- Land Development
- Landscape Architecture
Rotary Trail is an eastward extension of Downtown Birmingham’s award-winning Railroad Park that runs along a depressed rail bed known as “the cut.” The linear park is part of the Red Rock Ridge and Valley Trail System Master Plan—a visionary, long-term plan for knitting Jefferson County together that includes more than 250 miles of greenways and trails, and 500 miles of streets open to cars, bicycles, and pedestrians.
The Magic City Gateway is reminiscent of the gateway seen at the old train terminal in the early 1900s. Bringing back this iconic structure has been a tremendous asset for the downtown area, making it a popular photographed destination. It is now one of the most Instagrammed spots in Birmingham.
Part of the trail’s success is its engagement with the surrounding residential and commercial spaces and various points of interest, such as boardwalks, wall treatments clad with iron ore, limestone and coal, and a small outdoor amphitheater. Various seating, including raised areas, tables, and chairs, will be dispersed throughout the trail, along with custom bike racks designed by a local business specifically for the trail system.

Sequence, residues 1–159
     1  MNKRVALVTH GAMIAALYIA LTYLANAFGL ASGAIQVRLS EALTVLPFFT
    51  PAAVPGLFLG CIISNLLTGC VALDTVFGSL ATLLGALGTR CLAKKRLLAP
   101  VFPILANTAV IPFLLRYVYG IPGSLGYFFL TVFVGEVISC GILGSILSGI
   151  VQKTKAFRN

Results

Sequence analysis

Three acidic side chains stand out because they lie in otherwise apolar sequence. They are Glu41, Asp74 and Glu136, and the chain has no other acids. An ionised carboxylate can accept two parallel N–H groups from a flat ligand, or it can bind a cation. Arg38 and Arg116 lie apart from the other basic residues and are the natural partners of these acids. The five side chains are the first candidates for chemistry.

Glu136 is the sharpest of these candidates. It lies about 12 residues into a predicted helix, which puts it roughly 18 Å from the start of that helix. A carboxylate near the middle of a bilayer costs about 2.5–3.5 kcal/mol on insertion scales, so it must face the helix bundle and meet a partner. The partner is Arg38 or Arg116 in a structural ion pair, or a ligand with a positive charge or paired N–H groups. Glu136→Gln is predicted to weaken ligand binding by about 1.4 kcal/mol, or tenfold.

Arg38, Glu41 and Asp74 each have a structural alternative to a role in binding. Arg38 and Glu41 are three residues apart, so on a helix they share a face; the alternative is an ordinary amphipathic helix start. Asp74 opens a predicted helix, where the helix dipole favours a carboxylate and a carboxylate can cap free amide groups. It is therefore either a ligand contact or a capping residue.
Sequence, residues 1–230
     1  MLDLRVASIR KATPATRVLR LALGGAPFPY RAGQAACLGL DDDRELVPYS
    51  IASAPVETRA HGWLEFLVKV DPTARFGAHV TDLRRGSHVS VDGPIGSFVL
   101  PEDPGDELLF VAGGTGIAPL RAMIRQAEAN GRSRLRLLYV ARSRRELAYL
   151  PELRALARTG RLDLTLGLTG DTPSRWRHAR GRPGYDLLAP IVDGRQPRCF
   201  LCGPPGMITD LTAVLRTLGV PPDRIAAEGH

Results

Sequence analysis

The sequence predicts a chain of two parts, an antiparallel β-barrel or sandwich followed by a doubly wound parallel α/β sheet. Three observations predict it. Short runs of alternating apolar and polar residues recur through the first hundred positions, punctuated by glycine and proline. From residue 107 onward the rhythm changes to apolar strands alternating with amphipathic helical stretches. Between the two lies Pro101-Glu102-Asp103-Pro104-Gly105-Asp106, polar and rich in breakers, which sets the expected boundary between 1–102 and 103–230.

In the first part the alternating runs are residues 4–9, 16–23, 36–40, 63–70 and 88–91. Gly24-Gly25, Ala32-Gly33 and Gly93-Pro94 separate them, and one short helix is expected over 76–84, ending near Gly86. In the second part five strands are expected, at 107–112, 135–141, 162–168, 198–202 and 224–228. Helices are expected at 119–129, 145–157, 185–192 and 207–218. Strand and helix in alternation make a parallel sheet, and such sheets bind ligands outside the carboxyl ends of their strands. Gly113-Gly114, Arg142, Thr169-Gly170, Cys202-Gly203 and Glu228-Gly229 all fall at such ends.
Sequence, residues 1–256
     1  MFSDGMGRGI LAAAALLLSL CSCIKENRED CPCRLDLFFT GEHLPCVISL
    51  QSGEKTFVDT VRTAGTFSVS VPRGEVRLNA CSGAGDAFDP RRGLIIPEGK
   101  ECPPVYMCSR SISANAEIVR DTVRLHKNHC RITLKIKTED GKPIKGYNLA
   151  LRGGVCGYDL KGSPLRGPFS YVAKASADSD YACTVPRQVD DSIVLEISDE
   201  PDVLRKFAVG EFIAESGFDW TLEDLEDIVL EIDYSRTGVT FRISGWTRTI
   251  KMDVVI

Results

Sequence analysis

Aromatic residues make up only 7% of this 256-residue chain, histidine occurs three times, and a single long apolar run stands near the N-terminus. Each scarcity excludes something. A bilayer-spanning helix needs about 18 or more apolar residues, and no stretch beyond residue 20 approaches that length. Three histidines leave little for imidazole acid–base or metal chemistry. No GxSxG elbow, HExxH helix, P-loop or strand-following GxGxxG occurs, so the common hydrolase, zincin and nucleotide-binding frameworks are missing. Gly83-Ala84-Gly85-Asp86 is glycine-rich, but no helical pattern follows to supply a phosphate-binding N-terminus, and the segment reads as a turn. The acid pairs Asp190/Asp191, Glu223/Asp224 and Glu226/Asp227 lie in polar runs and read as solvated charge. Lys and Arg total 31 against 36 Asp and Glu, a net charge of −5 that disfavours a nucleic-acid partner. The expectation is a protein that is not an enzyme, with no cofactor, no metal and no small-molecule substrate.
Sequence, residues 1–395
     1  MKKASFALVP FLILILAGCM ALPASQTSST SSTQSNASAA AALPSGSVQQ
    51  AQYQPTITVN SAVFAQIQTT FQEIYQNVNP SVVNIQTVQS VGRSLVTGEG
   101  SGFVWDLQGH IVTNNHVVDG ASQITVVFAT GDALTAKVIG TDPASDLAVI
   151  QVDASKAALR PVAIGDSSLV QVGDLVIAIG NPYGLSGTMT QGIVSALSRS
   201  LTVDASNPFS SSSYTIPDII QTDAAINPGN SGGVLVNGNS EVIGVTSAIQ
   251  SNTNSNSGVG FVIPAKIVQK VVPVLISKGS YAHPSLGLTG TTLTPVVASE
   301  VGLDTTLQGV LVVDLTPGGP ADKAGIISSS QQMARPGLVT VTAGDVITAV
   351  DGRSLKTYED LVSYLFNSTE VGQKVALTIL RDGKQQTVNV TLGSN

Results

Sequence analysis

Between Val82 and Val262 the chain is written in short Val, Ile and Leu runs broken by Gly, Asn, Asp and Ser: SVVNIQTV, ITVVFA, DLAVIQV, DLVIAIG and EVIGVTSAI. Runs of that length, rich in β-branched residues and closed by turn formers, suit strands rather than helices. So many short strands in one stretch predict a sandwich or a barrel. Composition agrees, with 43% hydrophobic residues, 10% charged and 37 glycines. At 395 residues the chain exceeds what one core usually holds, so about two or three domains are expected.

Entry points via steps and ramps at each gateway are marked by illuminated street numbers on vertical steel columns. At its lowest points, the 26-foot wide rail bed was raised six feet to make it a more comfortable environment for pedestrians. Bringing up the grade level decreases the shadows and dark canyon feeling allowing for more natural light. The trail includes energy-efficient LED up-lighting on the gateway walls and trees.
To protect stream buffers and mitigate stormwater runoff, which is crucial for improving the urban stream water quality, stylized stonework reminiscent of creek beds function as stormwater swales that allow water to be filtered and absorbed into the ground.
The original abandoned rail bed was an uninviting scar that ran 4 blocks through downtown with the only access being at either end where the rail bed met street level. Due to its low-level in an urban environment, trash and stormwater would collect here and create an uninviting sight to even walk past at street level.